It just so happens that I wrote a Master's Thesis in which I referred extensively to Rawls'"A Theory of Justice," his dense and difficult masterpiece, published in 1971.
General ConceptionI, in fact, replied to "philandrel," the author of the original piece, as follows:
All social primary goods - liberty and opportunity, income and wealth, and the bases of self-respect - are to be distributed equally unless an unequal distribution of any or all of these goods is to the advantage of the least favored.
Rawls was an inartful writer, and "A Theory of Justice" is hard-sledding...but the notion of "justice as fairness" is compelling, not only for it's historical continuity with the rich tradition of ethics stretching back to Aristotle, but also for it's insistent repudiation of 'utilitarianism.' Rawls reasoned that people do NOT naturally work to maximize their advantages, but rather to minimize their disadvantages. In the pursuit of that strategy, they are more likely to act in cooperative ways that benefit the collective.He then replied:
Yeah, and It's Too Bad....To a significant extent, "A Theory of Justice" is a compendium of articles Rawls previously wrote, so the book doesn't go together well. As to your summary comment,With perfect, 20/20 hindsight, I recalled:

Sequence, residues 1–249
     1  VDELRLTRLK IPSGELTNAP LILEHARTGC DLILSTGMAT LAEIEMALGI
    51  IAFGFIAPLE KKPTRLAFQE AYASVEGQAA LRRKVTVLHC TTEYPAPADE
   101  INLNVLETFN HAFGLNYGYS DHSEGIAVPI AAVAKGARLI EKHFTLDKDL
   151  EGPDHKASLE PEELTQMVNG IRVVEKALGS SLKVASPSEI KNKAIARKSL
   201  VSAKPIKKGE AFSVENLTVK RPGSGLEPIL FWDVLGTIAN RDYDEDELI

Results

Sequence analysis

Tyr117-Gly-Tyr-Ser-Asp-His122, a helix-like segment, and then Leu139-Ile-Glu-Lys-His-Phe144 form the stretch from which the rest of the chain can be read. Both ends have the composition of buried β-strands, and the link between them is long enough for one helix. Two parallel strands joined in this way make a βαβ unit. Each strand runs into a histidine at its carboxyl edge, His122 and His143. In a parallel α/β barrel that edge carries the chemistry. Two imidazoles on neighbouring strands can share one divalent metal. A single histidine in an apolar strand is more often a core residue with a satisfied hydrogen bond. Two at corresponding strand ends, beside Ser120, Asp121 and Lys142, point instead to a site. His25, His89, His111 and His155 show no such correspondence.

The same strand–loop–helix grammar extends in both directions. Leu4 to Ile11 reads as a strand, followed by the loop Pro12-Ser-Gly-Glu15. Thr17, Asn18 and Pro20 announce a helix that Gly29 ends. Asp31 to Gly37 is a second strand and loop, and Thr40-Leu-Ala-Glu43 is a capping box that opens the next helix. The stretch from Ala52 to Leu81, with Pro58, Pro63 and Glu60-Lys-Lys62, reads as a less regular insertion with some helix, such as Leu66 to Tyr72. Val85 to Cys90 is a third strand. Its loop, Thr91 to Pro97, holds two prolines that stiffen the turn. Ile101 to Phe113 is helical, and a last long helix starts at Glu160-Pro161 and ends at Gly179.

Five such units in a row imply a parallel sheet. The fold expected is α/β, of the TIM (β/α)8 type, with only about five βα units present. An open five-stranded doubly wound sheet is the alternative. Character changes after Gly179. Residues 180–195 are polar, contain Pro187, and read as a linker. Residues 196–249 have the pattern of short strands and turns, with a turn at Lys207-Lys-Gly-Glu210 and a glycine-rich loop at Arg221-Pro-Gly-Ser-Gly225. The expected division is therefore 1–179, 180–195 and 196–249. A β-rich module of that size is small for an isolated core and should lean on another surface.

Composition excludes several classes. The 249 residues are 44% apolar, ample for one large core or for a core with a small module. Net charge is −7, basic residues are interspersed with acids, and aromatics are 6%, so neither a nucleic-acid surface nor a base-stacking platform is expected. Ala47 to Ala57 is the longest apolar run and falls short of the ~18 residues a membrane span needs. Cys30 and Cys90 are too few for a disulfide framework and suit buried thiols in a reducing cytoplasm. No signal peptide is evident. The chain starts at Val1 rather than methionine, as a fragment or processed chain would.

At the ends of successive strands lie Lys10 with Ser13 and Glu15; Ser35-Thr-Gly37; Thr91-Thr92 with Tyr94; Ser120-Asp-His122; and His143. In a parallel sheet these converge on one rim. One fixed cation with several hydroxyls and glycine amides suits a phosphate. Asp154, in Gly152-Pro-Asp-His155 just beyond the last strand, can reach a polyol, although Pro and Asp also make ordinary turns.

Rawls reasoned that people do NOT naturally work to maximize their advantages, but rather to minimize their disadvantages,
I REALLY LIKE IT! It puts Rawls in a nutshell. Left to summarize him myself, I would have droned on and never gotten him as clear. KUDOS!
by: philandrel @ Mon Jun 30, 2008 at 06:05:03 AM PDT
Yeah, I only wish I'd been that parsimonious...when I wrote a painfully awkward, excessively wordy, cautiously inconclusive Masters' Thesis on Rawls in the context of journalistic ethics. It woulda changed everything...Draw into this discussion the wisdom of the etho-biologist (okay, it's a neologism) Paul Shepard and his vastly accumulative interrogations of the ontogeny and philogeny of the complex, continuing, and syncretic interactions of physical and social human development into the so-called "modern" age. It all just slides right together, and
(I continued in a subsequent post)...
Couple "Justice As Fairness" in that Maxi-min calculus ...with "the Precautionary Principle," and I think you'd have a decent foundation for the ethical dissemination of public information for the public good which, I would argue, was a pragmatic, plausible, defensible "telos" of the Press...and a sufficient reason for the protection afforded the Press by the Constitrution.
That's what I shoulda written, maybe even tried to write, but at the time didn't really KNOW as I know now, HOW to write...
VOILA! The Master's Thesis I shoulda written 25 years ago...I wish they were ALL that easy...
now I goddadodat to my Diss...